Sustainability plan will shape Whistler’s future 

Public invited to help choose a consulting firm

The word "sustainability" is bandied about more and more frequently these days. There’s now a Ministry of Sustainable Resource Management in Victoria. A UBC team is planning to build the most "environmentally sustainable building in North America." And Whistler is hosting a series of speakers in its Leadership Through Sustainable Innovation series.

Whistler is also updating its 1993 Comprehensive Development Plan with a Comprehensive Sustainability Plan. And in a unique move, the municipality is asking Whistler residents for their input on which consulting firm should be hired to produce the plan.

This Saturday, Feb. 2, at 2 p.m., the four short-listed consultants will be presenting their visions for Whistler Comprehensive Sustainability Plan at a public forum in the conference centre.

"We’ve stressed to the consultants the importance of involving the entire community in the process," Mike Purcell, the municipality’s general manager of planning and development services, told council this week.

The four consultants will not see or here each other’s presentation.

"The term sustainability has been batted around this community for a few years now," says Purcell, who is overseeing the project. "But what exactly does sustainability mean in the context of a resort community? And how can it be achieved while maintaining our success?"

The municipality posed these questions in an extensive request for proposal that was sent to a number of planning, economic and environmental specialists across North America who were invited to assemble teams of experts in the environmental, social, economic and public participation fields. Four teams, short listed from the 11 who responded, were asked to develop proposals on how they would go about preparing a comprehensive sustainability plan for Whistler.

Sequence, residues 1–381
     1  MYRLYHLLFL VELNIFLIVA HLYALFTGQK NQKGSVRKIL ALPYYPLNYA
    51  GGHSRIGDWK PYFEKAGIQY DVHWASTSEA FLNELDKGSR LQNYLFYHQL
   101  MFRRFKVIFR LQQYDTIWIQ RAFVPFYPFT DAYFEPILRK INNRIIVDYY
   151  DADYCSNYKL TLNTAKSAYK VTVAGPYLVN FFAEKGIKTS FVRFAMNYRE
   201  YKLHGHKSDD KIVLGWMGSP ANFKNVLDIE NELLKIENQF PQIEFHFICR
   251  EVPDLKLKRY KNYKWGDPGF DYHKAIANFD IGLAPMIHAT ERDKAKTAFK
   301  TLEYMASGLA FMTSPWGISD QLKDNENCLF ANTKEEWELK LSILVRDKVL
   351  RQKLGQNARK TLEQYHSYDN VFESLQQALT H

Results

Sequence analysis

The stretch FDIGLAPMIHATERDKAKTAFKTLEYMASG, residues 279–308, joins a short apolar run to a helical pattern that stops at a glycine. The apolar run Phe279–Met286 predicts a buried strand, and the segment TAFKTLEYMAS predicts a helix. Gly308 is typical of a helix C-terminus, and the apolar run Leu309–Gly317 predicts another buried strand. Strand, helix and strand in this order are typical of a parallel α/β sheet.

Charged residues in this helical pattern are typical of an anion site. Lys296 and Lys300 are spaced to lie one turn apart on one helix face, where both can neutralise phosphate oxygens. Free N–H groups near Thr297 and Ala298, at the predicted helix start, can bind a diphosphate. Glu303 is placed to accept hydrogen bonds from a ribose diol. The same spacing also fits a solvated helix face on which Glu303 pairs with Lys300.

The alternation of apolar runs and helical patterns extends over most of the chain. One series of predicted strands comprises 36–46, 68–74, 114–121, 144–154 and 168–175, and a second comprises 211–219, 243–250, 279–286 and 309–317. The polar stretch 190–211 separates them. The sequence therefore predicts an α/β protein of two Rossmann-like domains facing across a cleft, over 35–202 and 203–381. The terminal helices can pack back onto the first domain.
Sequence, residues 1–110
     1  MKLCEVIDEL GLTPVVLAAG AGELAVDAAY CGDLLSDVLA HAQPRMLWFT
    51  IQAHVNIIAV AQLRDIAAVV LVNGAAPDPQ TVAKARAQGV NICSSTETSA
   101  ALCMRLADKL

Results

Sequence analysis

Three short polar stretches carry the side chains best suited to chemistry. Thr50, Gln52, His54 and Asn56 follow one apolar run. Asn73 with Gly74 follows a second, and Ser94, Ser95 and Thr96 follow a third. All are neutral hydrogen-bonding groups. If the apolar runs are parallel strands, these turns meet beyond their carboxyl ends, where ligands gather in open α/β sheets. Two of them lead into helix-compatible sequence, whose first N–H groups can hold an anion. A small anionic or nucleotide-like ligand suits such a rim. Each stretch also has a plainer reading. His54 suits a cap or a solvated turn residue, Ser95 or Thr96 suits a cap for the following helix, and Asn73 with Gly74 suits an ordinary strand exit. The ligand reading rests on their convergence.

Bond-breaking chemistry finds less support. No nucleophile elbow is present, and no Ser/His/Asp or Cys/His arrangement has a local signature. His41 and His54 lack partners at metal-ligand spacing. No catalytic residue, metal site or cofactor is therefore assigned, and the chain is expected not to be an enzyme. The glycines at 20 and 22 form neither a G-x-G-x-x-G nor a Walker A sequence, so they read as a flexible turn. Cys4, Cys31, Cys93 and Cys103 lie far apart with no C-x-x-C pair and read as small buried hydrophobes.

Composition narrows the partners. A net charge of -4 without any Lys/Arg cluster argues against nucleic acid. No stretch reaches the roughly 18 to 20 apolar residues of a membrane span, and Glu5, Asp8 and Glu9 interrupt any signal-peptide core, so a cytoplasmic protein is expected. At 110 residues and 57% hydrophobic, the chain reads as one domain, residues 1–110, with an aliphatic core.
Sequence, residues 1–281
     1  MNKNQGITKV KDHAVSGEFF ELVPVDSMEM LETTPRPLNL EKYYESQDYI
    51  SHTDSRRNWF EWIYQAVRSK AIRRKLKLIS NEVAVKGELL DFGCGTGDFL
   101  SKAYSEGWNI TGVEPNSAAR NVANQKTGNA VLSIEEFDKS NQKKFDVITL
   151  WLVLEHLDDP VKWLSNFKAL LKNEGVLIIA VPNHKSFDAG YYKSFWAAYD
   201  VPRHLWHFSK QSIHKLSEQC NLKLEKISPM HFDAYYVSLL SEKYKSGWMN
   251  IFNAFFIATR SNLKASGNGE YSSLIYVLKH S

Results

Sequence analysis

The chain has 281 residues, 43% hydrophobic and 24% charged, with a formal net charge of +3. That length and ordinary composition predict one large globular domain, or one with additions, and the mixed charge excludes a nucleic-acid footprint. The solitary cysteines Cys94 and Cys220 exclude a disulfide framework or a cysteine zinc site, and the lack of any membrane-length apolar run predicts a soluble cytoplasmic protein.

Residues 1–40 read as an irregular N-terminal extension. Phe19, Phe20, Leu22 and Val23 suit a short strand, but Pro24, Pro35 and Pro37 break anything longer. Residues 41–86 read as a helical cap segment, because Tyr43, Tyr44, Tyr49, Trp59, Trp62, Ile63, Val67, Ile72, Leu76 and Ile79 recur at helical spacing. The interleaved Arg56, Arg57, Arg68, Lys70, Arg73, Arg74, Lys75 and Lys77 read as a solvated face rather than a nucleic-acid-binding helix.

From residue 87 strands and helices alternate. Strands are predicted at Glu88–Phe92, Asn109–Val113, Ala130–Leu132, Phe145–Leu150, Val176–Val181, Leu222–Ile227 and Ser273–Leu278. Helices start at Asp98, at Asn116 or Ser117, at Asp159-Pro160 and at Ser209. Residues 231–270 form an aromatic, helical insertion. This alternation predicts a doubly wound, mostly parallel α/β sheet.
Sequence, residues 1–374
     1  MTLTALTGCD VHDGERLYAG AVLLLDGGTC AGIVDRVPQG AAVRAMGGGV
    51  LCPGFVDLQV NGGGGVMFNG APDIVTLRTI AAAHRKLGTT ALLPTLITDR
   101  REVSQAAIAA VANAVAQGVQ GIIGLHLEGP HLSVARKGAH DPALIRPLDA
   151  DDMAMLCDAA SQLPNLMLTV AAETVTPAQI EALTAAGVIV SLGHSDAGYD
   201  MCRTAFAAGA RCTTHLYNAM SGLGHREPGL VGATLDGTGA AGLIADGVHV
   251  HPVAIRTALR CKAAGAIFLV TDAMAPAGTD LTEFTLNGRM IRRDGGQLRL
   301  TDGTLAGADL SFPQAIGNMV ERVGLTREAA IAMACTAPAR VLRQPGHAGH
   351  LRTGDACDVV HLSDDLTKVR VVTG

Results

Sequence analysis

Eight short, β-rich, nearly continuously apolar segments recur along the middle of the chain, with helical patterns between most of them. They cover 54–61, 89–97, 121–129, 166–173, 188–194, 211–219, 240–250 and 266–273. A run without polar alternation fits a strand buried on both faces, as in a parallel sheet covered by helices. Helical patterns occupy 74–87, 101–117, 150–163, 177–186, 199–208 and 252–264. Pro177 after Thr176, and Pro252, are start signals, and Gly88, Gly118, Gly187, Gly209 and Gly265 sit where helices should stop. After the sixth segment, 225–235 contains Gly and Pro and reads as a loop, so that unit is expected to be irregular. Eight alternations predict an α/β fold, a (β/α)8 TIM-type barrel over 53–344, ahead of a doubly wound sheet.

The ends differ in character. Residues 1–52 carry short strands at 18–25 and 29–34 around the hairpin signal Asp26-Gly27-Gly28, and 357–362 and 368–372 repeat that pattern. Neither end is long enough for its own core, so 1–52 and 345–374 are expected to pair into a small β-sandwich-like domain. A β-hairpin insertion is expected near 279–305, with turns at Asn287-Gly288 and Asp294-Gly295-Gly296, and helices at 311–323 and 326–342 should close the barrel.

"It’s critical to the success of a sustainability plan that it be developed with the input of those most impacted, namely all the community," Purcell says. "So we asked the four teams on the short list to present their proposals in a public forum. This process will take a few hours of residents’ time, but it’s an excellent opportunity to participate in the shaping of our community’s future. The community’s input at this stage will be invaluable to both council and the winning consultant team."

A sustainability plan will address key issues such as the ultimate size of the resort, future land use, the relationship between Whistler and other communities in the region, the continued provision of employee housing, infrastructure and environmental, business and social sustainability. It is meant to consolidate and supercede existing policy documents such as the Comprehensive Development Strategy and will update Whistler 2002, integrating sustainability in all that Whistler does.

The four consulting teams that will make presentations Saturday are: Center for Resource Management, a Denver-based company headed by Terry Minger, who was Vail’s administrator before he became president of the Whistler Village Land Company from 1979 to 1981; Design Workshop, also of Denver; GBH Consulting Group Ltd. of Victoria; and RAND Environment, a company out of Santa Monica, California. All four principle companies propose to use a number of sub consultants.

At the forum, each team will make a 45-minute presentation, followed by a 15-minute question and answer period. The teams have also been asked to present their insights on the characteristics of a successful destination resort and what sustainability means in a resort community setting.

Residents will be given a questionnaire to complete. To ensure the integrity of the process, feedback on all four presentations is required, so anyone planning to attend must arrive at 2 p.m. and remain for the duration of the presentations. The session is expected to wrap up around 6:30 p.m. Refreshments will be served.


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